# Prove this limit

Posted 9 years ago
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 Can someone prove this limit for me? It would help in future calculations of the MRB constant. Limit[(3 + 2 Sqrt[2])^x - 2 Cos[x ArcCos[3]], x -> Infinity]==0 Here is my latest formula for calculating the MRB constant: (*Fastest (at MRB's end) as of 24 dEC 2014.*) prec = 20000;(*Number of required decimals.*)ClearSystemCache[]; T0 = SessionTime[]; expM[pre_] := Module[{a, d, s, k, bb, c, n, end, iprec, xvals, x, pc, cores = 12, tsize = 2^7, chunksize, start = 1, ll, ctab, pr = Floor[1.005 pre]}, chunksize = cores*tsize; n = Floor[1.32 pr]; end = Ceiling[n/chunksize]; Print["Iterations required: ", n]; Print["end ", end]; Print[end*chunksize]; d = Cos[n ArcCos[3]]; {b, c, s} = {SetPrecision[-1, 1.1*n], -d, 0}; iprec = Ceiling[pr/27]; Do[xvals = Flatten[ParallelTable[Table[ll = start + j*tsize + l; h = Log[ll]/ll; x = N[Exp[h], iprec]; pc = iprec; While[pc < pr, pc = Min[3 pc, pr]; x = SetPrecision[x, pc]; y = x^ll - ll; x = x (1 - 2 y/((ll + 1) y + 2 ll ll));];(*N[Exp[Log[ll]/ll], pr]*)x, {l, 0, tsize - 1}], {j, 0, cores - 1}, Method -> "EvaluationsPerKernel" -> 4]]; ctab = ParallelTable[Table[c = b - c; ll = start + l - 2; b *= 2 (ll + n) (ll - n)/((ll + 1) (2 ll + 1)); c, {l, chunksize}], Method -> "EvaluationsPerKernel" -> 2]; s += ctab.(xvals - 1); start += chunksize; Print["done iter ", k*chunksize, " ", SessionTime[] - T0];, {k, 0, end - 1}]; N[-s/d, pr]]; t2 = Timing[MRBtest2 = expM[prec];]; MRBtest2 I found the Limit[Cos[n ArcCos[3]]/Cos[(n - 1) ArcCos[3]], n -> Infinity]=3 + 2 Sqrt[2].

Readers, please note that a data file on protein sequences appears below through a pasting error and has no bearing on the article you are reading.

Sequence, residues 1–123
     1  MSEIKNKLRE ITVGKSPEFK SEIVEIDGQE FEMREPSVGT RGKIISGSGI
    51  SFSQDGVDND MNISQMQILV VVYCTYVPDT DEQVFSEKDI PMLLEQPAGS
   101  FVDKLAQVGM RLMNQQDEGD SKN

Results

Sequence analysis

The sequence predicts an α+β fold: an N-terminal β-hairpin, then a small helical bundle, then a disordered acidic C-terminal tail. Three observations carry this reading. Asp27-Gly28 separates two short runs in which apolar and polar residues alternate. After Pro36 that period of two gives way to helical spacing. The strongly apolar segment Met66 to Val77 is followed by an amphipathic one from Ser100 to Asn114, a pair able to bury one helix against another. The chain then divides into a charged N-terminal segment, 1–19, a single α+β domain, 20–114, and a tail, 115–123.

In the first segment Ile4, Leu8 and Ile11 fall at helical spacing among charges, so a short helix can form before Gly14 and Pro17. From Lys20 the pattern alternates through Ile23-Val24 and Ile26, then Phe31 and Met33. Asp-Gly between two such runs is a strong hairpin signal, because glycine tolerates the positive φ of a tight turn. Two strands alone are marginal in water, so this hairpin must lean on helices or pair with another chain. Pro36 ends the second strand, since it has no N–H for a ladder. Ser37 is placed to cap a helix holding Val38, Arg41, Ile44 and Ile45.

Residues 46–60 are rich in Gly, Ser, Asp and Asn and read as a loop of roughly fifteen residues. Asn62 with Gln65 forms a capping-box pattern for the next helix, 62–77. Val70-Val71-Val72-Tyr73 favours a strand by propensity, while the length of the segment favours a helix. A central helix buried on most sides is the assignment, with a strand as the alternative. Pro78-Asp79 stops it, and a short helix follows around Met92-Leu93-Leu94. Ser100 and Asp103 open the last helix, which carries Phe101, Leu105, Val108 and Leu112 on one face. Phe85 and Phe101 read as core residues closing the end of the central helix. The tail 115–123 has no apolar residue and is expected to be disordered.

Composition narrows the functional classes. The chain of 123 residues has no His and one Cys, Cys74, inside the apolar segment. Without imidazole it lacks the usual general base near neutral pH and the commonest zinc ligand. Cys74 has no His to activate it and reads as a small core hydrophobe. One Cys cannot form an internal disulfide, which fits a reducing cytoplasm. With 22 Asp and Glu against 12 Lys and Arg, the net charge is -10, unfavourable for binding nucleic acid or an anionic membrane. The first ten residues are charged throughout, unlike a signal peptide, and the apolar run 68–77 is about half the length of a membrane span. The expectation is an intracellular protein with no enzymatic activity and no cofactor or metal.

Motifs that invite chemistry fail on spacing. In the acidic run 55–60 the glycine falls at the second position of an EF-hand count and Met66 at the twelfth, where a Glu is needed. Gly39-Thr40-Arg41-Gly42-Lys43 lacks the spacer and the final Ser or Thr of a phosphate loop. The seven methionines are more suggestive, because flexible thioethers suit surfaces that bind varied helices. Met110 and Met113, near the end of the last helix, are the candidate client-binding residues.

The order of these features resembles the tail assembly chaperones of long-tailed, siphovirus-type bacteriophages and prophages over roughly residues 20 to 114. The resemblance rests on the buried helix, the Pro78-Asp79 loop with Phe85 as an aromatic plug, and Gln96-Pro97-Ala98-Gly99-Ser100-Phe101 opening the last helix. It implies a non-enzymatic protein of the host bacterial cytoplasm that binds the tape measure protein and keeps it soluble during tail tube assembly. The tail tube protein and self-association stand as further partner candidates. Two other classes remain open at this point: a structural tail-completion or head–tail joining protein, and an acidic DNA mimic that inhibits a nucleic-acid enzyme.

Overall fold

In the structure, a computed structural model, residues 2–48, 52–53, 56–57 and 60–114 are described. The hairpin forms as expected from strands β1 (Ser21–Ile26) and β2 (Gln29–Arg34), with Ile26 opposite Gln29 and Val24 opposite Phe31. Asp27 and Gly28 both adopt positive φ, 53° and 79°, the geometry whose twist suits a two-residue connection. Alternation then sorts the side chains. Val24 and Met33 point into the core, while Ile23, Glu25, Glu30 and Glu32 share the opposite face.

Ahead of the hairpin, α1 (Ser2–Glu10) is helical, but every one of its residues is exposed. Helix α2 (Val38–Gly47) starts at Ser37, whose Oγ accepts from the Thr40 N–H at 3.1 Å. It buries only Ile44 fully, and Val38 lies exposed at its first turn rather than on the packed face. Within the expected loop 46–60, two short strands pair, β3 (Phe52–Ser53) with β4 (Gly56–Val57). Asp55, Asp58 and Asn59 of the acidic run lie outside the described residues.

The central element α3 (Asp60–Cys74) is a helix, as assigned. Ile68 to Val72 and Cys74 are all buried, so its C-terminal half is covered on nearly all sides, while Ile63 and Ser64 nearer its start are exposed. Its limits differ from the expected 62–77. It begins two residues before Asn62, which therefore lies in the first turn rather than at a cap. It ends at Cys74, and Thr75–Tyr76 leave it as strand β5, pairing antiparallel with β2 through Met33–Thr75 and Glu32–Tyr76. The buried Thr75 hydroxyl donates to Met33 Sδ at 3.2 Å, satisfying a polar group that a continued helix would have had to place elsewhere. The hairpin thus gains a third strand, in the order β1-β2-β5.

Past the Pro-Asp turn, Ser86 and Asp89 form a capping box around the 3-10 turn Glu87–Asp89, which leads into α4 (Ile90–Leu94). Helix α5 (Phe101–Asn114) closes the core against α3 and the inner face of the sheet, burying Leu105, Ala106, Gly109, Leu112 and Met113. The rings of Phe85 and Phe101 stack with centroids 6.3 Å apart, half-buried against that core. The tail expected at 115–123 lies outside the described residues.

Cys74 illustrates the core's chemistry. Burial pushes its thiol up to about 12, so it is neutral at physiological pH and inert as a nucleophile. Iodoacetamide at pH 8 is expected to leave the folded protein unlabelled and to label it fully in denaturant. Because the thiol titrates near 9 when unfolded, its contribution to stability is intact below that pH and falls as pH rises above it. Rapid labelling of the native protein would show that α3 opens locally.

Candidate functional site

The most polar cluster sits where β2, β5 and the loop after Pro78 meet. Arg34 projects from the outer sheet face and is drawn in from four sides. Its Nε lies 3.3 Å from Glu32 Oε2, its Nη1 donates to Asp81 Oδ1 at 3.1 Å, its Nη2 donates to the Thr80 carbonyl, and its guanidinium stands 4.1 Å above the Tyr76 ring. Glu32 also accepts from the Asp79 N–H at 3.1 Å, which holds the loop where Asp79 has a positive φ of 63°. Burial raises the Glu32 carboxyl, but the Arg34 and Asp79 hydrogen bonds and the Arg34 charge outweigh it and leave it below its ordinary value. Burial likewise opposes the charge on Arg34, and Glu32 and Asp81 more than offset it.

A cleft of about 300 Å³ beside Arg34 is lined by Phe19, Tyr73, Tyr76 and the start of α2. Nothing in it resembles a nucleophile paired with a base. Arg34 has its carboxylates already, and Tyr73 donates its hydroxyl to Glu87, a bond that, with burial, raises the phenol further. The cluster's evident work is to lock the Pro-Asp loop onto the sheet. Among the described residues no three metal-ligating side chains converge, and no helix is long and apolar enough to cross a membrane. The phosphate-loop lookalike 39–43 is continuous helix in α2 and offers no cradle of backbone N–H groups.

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Posted 9 years ago
 I guess this is a simpler way of proving Limit[(3 + 2 Sqrt[2])^x - 2 Cos[x ArcCos[3]], x -> Infinity]==0: In[10]:= FullSimplify[(3 + 2 Sqrt[2])^x - 2 Cos[x ArcCos[3]]] Out[10]= -(3 + 2 Sqrt[2])^-x which of course goes to 0 as x-> Infinity. I would still like to see a geometric proof, though.
Posted 9 years ago
 I would still like to see a geometric proof, though. It turns out just by definition: It remained to show $\exp(-i \arccos(3))=3+2\sqrt{2}$. With the definition of InverseCosine, eq. (2), $\arccos(z)=\frac{\pi}{2}+i\ln(iz+\sqrt{1-z^2})$ one has $\exp(-i(\frac{\pi}{2}+i \ln(i 3 + \sqrt{-8})))=\exp(-i(\frac{\pi}{2}+i\ln(i (3+2\sqrt{2}))))=\exp(-i(\frac{\pi}{2}+i\frac{i \pi}{2}+i\ln(3+2\sqrt{2})))=3+2\sqrt{2}$ $\Box$
Posted 9 years ago
 Bad luck, I typed too much In[33]:= ComplexExpand[Exp[-I ArcCos[3]]] Out[33]= 3 + 2 Sqrt[2] life can be so easy ... and if one does In[35]:= ComplexExpand[(3 + 2 Sqrt[2])^x - 2 Cos[x ArcCos[3]]] Out[35]= (3 + 2 Sqrt[2])^x - 2 Cosh[x Log[3 + 2 Sqrt[2]]] one sees the result directly because of the definition of Cosh and with In[38]:= TrigToExp[ComplexExpand[(3 + 2 Sqrt[2])^x - 2 Cos[x ArcCos[3]]]] Out[38]= -(3 + 2 Sqrt[2])^-x the result of FullSimplify reappears.
Posted 9 years ago
 In principle that goes that way: In[2]:= ArcCos[3] // N Out[2]= 0. + 1.76275 I  $\cos(z)=\frac{1}{2}(\exp(iz)+\exp(-iz))$ by definition with $z=x \arccos(3)$ it follows $2 \cos(x \arccos(3)) \sim \exp(1.76275 x)$ for big $x$. Now one needs only $\exp(1.76275) \equiv 3 + \sqrt{2}$ which fits seemingly In[4]:= E^1.76275 // N Out[4]= 5.82844 In[5]:= 3 + 2 Sqrt[2] // N Out[5]= 5.82843 or written more careful In[8]:= N[E^Im[ArcCos[3]], 30] - N[3 + 2 Sqrt[2], 30] Out[8]= 0.*10^-29 this might have even a geometrical proof, because the $x$ has gone out of it.